the cradle of Champagne.
On the slopes of the Reims mountains in the Marne valley, just above the vineyards and below the forest, lies the small village of Hautvillers. It would have been just one of the many villages in the Champagne region, were it not for it’s abbey and the man that lived there from 1668 till 1715: Dom Perignon.
After it’s foundation in 650 AD by St Nivard, the benedictine abbey Saint Pierre had a rather hectic history: destroyed by the Normans in 882, restored then burned by the English in 1449, rebuilt in 1518 then razed by the Huguenots in 1564. Gifts of Catharine de Medici (1519-1589) made it possible to rebuild the abbey yet again. In 1668 Dom Perignon entered the abbey and in 10 years time rose to the function of treasurer and cellarmaster. He found ways to improve the quality of the wine that led to the creation of champagne as we know it today.
Off we go with the minivan for an afternoon exploration. From our mooring place near Epernay, we soon climb the steep slope, surrounded by vineyards, to one of Hautvillers’ viewpoints. Down in the valley you can see the Marne river and the last lock of the Marne canal. On the other side, some 5km due South, lies Epernay with it’s many champagne houses. To our back, further up the hill, we notice the tower of the Saint Peter’s abbey of Hautvillers where Dom Perignon invented champagne.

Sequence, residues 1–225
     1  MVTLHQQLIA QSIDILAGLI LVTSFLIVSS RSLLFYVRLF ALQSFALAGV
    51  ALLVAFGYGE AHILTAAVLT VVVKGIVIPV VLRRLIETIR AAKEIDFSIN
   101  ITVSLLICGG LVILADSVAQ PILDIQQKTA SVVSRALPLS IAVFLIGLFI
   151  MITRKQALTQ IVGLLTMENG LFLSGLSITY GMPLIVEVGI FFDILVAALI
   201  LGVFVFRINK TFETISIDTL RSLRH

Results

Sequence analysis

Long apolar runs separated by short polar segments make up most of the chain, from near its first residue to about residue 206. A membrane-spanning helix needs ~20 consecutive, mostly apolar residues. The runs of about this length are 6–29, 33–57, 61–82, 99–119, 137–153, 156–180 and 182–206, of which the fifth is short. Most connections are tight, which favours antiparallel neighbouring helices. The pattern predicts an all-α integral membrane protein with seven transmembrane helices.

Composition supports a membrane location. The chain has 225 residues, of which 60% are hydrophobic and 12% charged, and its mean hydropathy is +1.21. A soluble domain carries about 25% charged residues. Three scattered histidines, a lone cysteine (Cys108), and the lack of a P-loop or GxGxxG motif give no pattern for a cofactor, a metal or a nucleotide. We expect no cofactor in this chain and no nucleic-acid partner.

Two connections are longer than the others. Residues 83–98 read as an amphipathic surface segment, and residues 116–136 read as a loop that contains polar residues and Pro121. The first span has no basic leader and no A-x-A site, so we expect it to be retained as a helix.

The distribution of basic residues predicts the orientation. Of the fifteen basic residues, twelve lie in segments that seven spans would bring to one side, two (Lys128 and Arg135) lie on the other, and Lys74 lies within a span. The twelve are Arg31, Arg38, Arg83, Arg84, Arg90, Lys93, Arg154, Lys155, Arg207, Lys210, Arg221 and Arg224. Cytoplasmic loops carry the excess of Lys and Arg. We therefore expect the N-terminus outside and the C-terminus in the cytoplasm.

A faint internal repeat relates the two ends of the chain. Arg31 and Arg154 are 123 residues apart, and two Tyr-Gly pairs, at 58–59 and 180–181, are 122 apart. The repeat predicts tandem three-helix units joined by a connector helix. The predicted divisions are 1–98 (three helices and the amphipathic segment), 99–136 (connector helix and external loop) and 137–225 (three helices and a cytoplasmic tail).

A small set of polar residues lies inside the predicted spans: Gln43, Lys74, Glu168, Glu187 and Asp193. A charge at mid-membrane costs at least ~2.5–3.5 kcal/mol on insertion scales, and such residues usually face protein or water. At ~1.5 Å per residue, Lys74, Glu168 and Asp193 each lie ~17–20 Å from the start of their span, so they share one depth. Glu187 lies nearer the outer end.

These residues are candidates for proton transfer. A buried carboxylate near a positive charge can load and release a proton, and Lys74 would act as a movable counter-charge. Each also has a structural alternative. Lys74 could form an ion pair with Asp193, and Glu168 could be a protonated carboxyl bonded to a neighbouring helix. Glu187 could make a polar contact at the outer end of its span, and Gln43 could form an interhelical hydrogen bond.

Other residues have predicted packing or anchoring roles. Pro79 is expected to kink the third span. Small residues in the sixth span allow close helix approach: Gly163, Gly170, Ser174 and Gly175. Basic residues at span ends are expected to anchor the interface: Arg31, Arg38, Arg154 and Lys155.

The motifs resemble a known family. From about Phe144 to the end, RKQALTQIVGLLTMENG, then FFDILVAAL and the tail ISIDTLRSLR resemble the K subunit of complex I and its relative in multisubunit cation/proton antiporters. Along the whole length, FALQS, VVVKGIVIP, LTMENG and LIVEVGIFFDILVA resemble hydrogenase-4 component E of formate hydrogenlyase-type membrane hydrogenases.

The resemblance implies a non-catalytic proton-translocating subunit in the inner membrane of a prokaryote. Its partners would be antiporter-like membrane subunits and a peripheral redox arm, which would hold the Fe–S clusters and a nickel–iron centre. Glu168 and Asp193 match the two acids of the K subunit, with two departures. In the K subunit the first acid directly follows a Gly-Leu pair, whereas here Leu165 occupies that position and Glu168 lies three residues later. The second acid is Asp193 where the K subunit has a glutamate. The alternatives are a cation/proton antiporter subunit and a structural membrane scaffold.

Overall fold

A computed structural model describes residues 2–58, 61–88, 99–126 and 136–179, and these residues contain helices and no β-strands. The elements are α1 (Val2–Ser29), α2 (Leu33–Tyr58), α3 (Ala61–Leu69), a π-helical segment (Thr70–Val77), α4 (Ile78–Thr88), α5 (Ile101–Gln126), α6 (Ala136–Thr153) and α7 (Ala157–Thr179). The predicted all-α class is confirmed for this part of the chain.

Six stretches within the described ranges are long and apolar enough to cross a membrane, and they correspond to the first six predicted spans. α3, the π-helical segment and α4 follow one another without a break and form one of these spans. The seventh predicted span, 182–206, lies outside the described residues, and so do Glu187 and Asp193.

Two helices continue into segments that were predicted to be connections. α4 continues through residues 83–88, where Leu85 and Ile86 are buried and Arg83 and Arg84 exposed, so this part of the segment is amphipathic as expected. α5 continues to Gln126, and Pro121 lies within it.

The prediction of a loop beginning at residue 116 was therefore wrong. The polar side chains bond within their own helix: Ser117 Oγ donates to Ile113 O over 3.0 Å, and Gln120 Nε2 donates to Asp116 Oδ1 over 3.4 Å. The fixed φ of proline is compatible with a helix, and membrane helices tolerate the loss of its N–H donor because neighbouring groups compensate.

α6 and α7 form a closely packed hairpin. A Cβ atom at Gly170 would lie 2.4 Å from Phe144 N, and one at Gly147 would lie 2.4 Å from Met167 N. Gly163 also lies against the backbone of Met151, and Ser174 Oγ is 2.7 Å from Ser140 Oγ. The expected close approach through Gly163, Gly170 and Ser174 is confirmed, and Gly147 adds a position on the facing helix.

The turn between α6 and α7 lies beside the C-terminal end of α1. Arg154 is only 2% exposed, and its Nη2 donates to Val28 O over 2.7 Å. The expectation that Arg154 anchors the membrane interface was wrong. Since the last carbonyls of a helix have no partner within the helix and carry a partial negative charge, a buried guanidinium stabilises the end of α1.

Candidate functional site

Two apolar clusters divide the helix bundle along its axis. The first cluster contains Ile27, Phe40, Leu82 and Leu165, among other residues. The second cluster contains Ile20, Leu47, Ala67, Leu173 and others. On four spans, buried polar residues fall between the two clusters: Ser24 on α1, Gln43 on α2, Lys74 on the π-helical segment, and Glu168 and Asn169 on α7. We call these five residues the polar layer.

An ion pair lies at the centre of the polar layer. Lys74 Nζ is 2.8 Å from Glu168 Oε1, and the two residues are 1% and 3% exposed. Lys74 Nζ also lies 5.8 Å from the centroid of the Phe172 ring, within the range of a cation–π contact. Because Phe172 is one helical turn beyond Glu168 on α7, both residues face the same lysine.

St Pierre abbey of Hautvillers © Tourist Office
Hautvillers view to Cumières and the Marne river © KR
A visit to this charming, picturesque village is best done on foot. Let’s start with the small road that goes up to the abbey church tower. The wash basin of the monks is now beautifully filled with flowers. Unfortunately, the abbey itself is now privately owned by Moët et Chandon and not open to visitors. But the church is still used by the parish and is open to the public. Inside you can see how the church evolved through many renovations and extensions from Roman to Gothic style. In front of the altar, 2 large toombstones mark the graves of Dom Ruinart and Dom Perignon.
Gravestone of Dom Perignon © KR
A visit to Hautvillers’ church © KR
As you walk through the streets and alleys of Hautvillers, notice the many wrought iron signs on the houses’ facades. In times gone by, they indicated the trade of the inhabitants. Now they are mainly decoratif. There are about 140 of them, the one more beautiful and artistic than the other. Whichever road or alley you take, you’ll arrive at the otehr side of the village. Here is the Tourist Information office, the café d’Hautvillers (pub), and for the champagne lovers, a bit further up the street, there is the bar “Au 36”. Just around the corner is the old washing basin from 1833 where village women did the laundry. From here, it’s just a short walk back to the abbey and the minivan.
Dom Perignon wrought iron sign © KR
Bar Au 36 © Tourist Office
Hautvillers Washing Basin from 1833 © KR
For the more sportive visitors, the Tourist Office organises guided tours by e-bike into the vineyards surrounding the village. With stops at several spots, you learn a lot about wine growing, soil and terroir while enjoying the view on ever changing landscape. Whatever way you visit Hautvillers, by minivan, by foot or by e-bike, don’t forget to visit a local wine grower for a champagne tasting.Cycling tour on e-bike around Hautvillers © Tourist Office
More information on Hautvillers can be found here:
Champagne cruise on Barge Johanna.